What is both a boon and a burden for that story, is the game’s characters. Led by Tyler and Alyson, Delos Crossing’s residents are a ragtag bunch that vary in not just narrative importance, but also in the quality of their execution. Many of the characters in the game are multi-faceted, with both strengths and flaws that are well executed and presented. Tyler is the perfect example of this, with his tenacious personality and desire to unravel the mystery off his past regularly causing him to push people too far and clash with the residents of Delos Crossing. Similarly, someone like Sam, the alcoholic friend of the Twins’ late mother, is given a personality beyond the caricature that troubled characters normally find themselves in. As you learn more about him, his past and his current situation, you see him in a new light and come to appreciate him all the more.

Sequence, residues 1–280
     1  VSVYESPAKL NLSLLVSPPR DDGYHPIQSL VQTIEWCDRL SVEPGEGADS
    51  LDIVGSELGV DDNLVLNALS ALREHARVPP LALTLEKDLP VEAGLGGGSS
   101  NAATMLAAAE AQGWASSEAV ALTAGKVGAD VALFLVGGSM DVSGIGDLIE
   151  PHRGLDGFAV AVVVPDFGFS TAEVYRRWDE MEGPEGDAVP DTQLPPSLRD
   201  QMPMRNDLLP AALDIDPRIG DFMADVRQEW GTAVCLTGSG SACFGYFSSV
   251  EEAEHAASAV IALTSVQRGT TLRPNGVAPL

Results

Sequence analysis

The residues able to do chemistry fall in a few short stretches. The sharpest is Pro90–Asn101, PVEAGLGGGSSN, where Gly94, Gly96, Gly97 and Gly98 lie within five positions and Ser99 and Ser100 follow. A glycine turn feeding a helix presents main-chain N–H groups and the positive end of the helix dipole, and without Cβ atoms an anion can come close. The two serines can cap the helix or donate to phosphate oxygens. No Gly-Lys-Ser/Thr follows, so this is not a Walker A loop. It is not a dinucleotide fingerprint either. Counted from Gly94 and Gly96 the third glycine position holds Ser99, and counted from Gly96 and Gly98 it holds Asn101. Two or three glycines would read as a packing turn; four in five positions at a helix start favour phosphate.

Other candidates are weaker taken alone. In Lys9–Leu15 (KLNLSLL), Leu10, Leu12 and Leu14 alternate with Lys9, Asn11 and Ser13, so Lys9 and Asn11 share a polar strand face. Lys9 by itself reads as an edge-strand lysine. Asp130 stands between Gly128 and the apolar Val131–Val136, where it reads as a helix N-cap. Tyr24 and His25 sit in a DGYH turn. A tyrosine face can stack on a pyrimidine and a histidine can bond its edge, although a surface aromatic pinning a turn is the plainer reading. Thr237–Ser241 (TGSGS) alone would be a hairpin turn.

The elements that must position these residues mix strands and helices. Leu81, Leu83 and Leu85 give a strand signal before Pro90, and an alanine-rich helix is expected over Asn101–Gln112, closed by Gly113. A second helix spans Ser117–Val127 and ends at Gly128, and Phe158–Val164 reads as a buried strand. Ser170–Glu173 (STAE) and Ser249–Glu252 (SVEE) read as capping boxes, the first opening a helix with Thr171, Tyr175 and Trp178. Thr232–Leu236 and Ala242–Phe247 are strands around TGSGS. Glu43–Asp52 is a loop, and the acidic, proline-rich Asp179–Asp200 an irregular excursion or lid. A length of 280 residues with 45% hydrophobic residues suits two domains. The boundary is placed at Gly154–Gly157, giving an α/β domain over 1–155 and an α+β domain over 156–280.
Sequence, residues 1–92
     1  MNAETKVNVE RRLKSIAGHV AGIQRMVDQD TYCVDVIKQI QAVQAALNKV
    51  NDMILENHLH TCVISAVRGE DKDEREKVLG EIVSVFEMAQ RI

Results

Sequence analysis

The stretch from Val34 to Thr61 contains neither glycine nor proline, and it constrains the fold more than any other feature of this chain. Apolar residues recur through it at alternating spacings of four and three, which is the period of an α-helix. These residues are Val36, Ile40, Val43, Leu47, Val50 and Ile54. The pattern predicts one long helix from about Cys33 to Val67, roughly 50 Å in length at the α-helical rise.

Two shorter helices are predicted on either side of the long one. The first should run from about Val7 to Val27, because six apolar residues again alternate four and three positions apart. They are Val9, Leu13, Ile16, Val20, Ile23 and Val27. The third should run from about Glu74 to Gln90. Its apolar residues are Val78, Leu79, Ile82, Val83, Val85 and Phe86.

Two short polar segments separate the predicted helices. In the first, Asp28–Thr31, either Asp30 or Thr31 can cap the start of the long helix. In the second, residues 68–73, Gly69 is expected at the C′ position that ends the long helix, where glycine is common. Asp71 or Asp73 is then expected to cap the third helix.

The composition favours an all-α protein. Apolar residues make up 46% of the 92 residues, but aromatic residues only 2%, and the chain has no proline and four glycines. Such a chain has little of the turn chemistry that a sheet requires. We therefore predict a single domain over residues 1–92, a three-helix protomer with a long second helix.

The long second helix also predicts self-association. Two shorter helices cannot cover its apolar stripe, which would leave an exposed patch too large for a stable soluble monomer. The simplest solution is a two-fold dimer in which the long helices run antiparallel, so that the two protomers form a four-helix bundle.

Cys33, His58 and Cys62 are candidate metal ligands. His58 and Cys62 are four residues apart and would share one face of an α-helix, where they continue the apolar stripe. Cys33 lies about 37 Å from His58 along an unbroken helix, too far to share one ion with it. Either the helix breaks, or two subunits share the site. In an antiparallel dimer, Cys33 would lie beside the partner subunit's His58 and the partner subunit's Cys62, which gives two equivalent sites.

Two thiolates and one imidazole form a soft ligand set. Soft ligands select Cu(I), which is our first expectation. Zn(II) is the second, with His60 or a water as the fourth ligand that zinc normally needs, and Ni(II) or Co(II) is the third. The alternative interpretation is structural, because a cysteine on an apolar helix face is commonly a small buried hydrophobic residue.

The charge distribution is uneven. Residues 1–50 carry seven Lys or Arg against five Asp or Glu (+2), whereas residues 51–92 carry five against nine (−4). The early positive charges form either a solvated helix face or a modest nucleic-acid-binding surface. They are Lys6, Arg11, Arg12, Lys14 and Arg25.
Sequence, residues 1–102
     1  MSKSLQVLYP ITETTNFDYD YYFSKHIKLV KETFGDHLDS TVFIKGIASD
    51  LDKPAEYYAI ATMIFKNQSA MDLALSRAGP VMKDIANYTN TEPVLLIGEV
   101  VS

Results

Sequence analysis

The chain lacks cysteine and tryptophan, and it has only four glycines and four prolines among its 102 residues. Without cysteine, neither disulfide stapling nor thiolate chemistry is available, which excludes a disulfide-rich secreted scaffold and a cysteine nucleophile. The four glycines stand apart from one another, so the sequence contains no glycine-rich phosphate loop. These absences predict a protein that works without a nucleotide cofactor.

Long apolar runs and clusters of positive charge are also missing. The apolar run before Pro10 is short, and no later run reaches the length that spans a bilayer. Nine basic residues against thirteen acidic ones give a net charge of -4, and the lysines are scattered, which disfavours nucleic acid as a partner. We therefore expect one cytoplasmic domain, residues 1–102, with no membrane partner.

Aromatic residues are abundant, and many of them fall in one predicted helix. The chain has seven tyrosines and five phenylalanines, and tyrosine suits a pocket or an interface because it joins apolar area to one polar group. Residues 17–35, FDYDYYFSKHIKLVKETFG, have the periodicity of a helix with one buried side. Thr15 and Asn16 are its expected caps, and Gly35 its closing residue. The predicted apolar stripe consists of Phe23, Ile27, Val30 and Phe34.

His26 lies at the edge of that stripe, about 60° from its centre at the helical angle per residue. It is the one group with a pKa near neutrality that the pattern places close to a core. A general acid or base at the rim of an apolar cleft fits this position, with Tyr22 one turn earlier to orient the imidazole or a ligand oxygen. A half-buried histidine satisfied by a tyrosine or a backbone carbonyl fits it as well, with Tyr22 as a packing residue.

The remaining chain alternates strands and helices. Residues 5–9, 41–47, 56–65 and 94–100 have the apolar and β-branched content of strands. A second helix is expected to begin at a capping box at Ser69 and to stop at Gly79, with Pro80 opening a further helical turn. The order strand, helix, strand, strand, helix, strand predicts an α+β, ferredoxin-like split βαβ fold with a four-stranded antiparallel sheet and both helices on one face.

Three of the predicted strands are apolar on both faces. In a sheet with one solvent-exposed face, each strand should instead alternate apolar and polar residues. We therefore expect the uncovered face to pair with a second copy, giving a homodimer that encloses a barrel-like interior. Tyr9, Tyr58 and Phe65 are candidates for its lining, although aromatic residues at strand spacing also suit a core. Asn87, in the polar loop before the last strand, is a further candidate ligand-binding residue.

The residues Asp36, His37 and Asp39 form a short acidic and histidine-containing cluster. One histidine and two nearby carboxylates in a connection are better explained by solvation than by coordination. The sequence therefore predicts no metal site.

Conversely, there are other central figures to the story who simply don’t come across anywhere near as well. A perfect example of this is Eddy, the police chief that took Alyson in after the death of her mother. He’s a stern, yet caring figure, who is simply trying to do his best to support both of the twins. Yet, his character never really evolves beyond that. You begin to learn some things about his past traumas and hurt, and get more details on who he is, but it never really amounts to anything. Despite being a central figure, it feels like the story wouldn’t have been any worse for wear if he simply didn’t exist. The same can be said for the entirety of the Delos Crossing police force, who feel like they were simply placed into the game as set dressing and nothing more. There will always be less important characters in a story, but when a quarter of your roster feels like they may as well not exist, you’re not in a great space.